One of the speakers at the BT Business Day Benelux 2012, was Forrester Research Director Pascal Matzke. Matzke argues that the ICT landscape is undergoing a major shift in focus from systems of record to systems of engagement. Pascal explains what he means by that and what the implications will be for the CIO and the vendor-customer relationship.
In his research, Pascal Matzke writes about the dawn of a new era and the increasing importance of ‘systems of engagement’. Pascal explains what he means by that.
Pascal Matzke: Historically the technology industry has undergone a series of major transformations as a result of new disruptive innovations. In the past these transformations happened one after the other, leaving room for digestion and growth, while today we are facing several major technology disruptions –mobile, cloud, big data, social media–simultaneously. That is new.
Systems of engagement
CIOs are not only having to manage these major changes from a technological perspective but also in business terms, because these technologies significantly change the way we do business and organise ourselves for business.
When we look at where companies are focusing their IT spending today, we see a clear shift away from the core infrastructure and ERP systems towards the systems on the edge of the enterprise, the systems that touch customers, suppliers and business partners. That’s what we mean by ‘systems of engagement’. Obviously companies are still investing in their back-end, especially to virtualise and consolidate their data centres, but at the same time they’re investing more in CRM, supply chains, collaboration and communication tools. These are systems for engaging customers and partners; systems that drive innovation.
Implications for the CIO
So, what does this mean for the CIO?
Pascal Matzke: The IT budget becomes increasingly exposed to underlying market volatility. In the past, IT budgets did fluctuate somewhat but since they were focused mainly on back-end infrastructure and systems of record, they couldn’t and didn’t need to change much. Today the market has an immediate knock-on effect on IT budgets. As a result, IT strategies need to become a lot more synchronised with business strategy and economic cycles.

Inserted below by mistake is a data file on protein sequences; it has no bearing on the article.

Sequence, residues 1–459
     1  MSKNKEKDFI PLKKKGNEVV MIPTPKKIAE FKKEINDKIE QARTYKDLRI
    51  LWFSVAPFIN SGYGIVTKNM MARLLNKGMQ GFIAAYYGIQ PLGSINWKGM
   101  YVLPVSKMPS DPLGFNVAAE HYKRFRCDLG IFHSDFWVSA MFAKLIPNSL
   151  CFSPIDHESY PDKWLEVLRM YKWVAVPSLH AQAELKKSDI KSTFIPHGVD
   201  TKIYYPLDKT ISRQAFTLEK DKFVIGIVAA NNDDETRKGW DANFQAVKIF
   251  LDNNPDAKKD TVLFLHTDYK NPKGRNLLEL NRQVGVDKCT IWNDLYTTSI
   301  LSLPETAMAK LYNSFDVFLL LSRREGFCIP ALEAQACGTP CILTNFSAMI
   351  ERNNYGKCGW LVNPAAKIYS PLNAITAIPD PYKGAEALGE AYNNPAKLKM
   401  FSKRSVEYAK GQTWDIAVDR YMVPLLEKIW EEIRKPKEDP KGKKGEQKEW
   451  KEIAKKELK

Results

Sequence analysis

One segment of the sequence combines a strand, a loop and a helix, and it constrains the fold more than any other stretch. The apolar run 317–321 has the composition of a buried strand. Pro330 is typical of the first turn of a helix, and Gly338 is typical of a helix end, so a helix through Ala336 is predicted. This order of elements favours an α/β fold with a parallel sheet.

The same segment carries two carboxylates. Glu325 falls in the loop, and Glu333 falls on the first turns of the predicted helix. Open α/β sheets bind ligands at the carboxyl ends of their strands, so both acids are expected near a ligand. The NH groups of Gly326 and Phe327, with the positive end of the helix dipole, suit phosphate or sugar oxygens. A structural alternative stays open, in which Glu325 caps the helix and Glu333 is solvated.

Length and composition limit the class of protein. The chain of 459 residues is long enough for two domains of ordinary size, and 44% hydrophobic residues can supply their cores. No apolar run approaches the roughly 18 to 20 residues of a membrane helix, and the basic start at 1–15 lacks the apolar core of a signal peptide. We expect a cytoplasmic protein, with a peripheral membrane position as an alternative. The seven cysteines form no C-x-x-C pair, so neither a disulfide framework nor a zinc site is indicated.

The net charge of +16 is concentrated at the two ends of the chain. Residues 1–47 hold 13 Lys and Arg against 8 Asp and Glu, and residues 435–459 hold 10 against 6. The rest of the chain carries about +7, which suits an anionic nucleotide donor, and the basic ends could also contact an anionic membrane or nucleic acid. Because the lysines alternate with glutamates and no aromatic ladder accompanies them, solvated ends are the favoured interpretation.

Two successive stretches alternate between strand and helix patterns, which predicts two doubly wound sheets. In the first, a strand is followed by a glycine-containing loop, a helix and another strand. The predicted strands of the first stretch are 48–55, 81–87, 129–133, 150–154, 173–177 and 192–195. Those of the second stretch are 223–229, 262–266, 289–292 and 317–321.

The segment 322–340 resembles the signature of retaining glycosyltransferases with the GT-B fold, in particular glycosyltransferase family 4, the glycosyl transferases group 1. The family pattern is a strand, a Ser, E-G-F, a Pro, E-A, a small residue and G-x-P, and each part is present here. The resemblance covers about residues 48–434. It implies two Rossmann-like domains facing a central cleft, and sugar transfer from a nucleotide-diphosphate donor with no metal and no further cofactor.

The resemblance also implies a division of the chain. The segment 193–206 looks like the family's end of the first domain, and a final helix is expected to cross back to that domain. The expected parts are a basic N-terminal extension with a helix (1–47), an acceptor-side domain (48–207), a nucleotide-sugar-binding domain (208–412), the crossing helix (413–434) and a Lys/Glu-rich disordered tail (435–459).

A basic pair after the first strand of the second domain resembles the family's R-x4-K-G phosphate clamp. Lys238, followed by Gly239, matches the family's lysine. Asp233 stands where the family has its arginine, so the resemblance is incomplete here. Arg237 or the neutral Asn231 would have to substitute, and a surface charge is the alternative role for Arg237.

Also, the CIO is exposed to the business in an entirely different way. IT success or failure has become much more visible. Failure to deliver a new customer-facing system will have a direct impact on the business. To illustrate, consider what happened to Airbus. They experienced significant delays in the delivery of their new A380 aircraft, with huge penalties to be paid as a result. Mainly this was due to the fact that their collaboration system wasn’t synchronized between the Airbus partners. In other words, a failure in a system of engagement caused all this trouble for Airbus.
Bringing in more business skills in the IT organisation
With IT becoming increasingly exposed to the business it is imperative that the CIO brings in more business skills in his or her organization. Conversely, the business lines need to bring in more technical skills. The cultural divide between IT and business needs to be bridged. Even though so much has been said and written about business-IT alignment, this is a major step that most companies still have to make.